Nodal segments from regenerated plantlets were used as explants for culture initiation in a MS solid medium supplemented with sucrose (30 g/l) and devoid of hormones. Cultures were maintained at 25 + 2°C. Subculture was done each 4 weeks. Later, micropropagated plantlets tested virus-free using enzyme linked immunosorbent assay (ELISA) were used for in vitro tuberization tests. The use of the ELISA for the detection of plant viruses use the double antibody sandwich method. This method proved to be very valuable detection tool for plant viruses (Lommel et al. 1982).

 

2.5. In vitro tuberization

After shoot proliferation, 7 plantlets were inoculated in each 250 ml glass jars containing 50 ml of tuberization media. For tuberization, combination of three concentrations of BAP (0 ; 5 and 1 mg/l) and paclobutrazol (PBZ) (0 ; 0,25 and 0,5 mg/l) were used with ½ strength MS liquid medium supplemented with 80 g/l of sucrose.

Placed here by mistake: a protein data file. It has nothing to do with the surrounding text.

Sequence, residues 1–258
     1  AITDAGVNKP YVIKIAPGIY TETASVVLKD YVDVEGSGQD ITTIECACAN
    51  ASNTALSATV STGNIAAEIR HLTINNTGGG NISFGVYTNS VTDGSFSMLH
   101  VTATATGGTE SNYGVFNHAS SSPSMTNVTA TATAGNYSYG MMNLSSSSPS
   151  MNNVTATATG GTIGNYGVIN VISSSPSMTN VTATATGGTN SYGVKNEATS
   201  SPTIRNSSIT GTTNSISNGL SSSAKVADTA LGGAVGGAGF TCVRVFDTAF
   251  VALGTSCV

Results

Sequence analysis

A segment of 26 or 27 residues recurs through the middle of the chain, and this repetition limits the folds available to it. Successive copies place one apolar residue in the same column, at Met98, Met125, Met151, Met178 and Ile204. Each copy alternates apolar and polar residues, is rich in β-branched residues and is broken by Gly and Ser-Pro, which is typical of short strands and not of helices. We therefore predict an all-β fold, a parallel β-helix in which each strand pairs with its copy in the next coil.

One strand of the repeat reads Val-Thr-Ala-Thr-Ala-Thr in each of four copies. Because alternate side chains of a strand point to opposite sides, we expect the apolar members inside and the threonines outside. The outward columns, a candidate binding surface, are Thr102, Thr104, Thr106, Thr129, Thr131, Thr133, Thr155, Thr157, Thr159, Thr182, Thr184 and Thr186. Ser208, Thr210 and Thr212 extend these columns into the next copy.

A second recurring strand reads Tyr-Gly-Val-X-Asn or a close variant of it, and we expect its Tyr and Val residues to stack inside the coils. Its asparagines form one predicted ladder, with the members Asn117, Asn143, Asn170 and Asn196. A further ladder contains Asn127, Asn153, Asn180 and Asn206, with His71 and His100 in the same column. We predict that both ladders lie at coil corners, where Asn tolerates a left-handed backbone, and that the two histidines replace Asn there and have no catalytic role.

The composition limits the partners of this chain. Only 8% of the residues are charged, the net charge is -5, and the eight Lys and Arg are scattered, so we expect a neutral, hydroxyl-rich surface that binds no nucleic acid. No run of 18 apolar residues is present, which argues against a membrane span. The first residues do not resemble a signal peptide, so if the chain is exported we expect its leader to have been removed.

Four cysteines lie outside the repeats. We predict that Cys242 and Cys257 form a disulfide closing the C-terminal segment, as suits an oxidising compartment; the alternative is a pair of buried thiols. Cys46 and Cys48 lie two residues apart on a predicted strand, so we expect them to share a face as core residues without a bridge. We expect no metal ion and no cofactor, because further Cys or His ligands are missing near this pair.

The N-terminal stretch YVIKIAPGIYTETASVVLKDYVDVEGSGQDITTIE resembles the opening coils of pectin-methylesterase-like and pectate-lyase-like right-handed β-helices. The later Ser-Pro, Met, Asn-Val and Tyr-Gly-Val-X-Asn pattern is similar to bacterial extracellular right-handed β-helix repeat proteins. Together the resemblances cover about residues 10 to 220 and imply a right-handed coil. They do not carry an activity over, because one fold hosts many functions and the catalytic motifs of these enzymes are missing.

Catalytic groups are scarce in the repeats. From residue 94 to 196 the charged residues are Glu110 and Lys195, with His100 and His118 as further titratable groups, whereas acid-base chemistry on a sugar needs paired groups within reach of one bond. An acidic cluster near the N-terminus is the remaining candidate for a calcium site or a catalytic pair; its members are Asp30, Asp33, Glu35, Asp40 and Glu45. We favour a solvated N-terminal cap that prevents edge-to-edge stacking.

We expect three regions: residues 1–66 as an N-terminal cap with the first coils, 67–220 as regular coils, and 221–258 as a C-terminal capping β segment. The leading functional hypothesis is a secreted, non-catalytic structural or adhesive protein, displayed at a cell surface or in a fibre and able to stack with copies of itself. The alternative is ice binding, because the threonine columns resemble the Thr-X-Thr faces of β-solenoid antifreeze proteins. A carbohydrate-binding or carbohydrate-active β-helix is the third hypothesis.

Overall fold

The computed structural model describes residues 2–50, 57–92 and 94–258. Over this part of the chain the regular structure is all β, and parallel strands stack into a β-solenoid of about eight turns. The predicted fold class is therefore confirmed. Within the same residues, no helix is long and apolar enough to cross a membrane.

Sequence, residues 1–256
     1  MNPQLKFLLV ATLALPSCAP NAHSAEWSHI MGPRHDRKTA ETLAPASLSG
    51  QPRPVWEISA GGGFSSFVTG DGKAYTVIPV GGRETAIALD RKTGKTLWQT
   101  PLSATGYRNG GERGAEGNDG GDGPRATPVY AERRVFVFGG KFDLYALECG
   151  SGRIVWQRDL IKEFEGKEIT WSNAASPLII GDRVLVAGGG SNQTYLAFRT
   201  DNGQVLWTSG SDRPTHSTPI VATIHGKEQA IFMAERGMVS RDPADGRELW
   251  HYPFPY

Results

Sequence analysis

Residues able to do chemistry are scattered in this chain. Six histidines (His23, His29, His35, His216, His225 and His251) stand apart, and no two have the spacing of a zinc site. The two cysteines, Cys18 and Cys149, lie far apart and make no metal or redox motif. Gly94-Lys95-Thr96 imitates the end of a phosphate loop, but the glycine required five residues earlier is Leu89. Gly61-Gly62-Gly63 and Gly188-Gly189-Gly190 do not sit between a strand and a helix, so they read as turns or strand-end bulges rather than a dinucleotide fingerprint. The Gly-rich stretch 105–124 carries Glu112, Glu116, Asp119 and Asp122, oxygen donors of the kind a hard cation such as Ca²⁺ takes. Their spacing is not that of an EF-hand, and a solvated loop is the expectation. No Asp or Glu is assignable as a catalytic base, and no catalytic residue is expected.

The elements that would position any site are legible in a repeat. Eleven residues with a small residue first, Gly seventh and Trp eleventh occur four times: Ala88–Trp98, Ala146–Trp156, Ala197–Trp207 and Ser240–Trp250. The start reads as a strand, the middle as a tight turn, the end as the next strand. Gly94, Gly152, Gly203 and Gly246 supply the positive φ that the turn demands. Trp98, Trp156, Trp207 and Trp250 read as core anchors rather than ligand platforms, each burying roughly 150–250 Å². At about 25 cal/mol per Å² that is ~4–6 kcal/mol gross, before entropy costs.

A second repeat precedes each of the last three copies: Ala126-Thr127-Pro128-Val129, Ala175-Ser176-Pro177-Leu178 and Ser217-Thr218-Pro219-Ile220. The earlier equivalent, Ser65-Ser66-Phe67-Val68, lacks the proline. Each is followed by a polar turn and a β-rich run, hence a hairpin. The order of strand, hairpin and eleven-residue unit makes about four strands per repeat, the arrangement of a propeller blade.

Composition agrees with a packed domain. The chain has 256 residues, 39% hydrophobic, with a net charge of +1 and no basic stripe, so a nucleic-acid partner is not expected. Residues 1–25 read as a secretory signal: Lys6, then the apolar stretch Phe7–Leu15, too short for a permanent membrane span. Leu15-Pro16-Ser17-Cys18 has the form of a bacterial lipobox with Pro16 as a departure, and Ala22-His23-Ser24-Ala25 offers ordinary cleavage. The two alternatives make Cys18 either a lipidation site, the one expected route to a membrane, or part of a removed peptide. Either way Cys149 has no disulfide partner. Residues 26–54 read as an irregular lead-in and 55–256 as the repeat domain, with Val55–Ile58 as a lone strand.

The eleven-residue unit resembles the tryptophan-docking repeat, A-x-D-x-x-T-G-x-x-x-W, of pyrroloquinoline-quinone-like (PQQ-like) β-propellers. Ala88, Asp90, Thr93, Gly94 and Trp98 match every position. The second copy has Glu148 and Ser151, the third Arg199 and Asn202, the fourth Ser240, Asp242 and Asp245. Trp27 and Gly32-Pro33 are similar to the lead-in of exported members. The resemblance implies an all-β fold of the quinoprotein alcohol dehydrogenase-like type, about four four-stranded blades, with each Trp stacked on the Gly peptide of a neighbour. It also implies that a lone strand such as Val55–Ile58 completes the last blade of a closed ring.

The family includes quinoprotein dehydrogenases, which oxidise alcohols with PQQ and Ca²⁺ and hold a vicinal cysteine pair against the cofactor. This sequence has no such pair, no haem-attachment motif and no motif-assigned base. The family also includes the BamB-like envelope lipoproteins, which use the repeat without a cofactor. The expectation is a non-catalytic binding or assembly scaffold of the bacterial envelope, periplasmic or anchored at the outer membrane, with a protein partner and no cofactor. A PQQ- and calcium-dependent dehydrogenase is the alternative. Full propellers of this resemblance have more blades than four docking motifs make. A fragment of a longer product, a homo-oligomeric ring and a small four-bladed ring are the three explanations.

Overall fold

Tuberization media were tested in three different consistency: solid (agar  : 8 g/l), semi-solid (liquid microtuberization media added to a solid micropropagation media) and liquid (agar free).

The plantlets from all tuberization media were kept at 25 ± 2°C temperature under complete darkness for the duration of 5 weeks. For each combination of hormones and for each concentration of sucrose 10 jars were prepared, each jar contains 7 plantlets. The percentage of tuberized plantlets was measured.

 

2.6. Microtuber culture

Microtubers were inoculated in culture media containing half strength (MS basal media) supplemented with different levels of sucrose (0; 40; 80 ; 120 and 160 g/l)). Cultures were incubated at 18 to 20°C in dark room/condition. The number of microtubers / plant, fresh dry weights of microtubers, and diameter of microtuber were determined.

 

2.7. Minituber production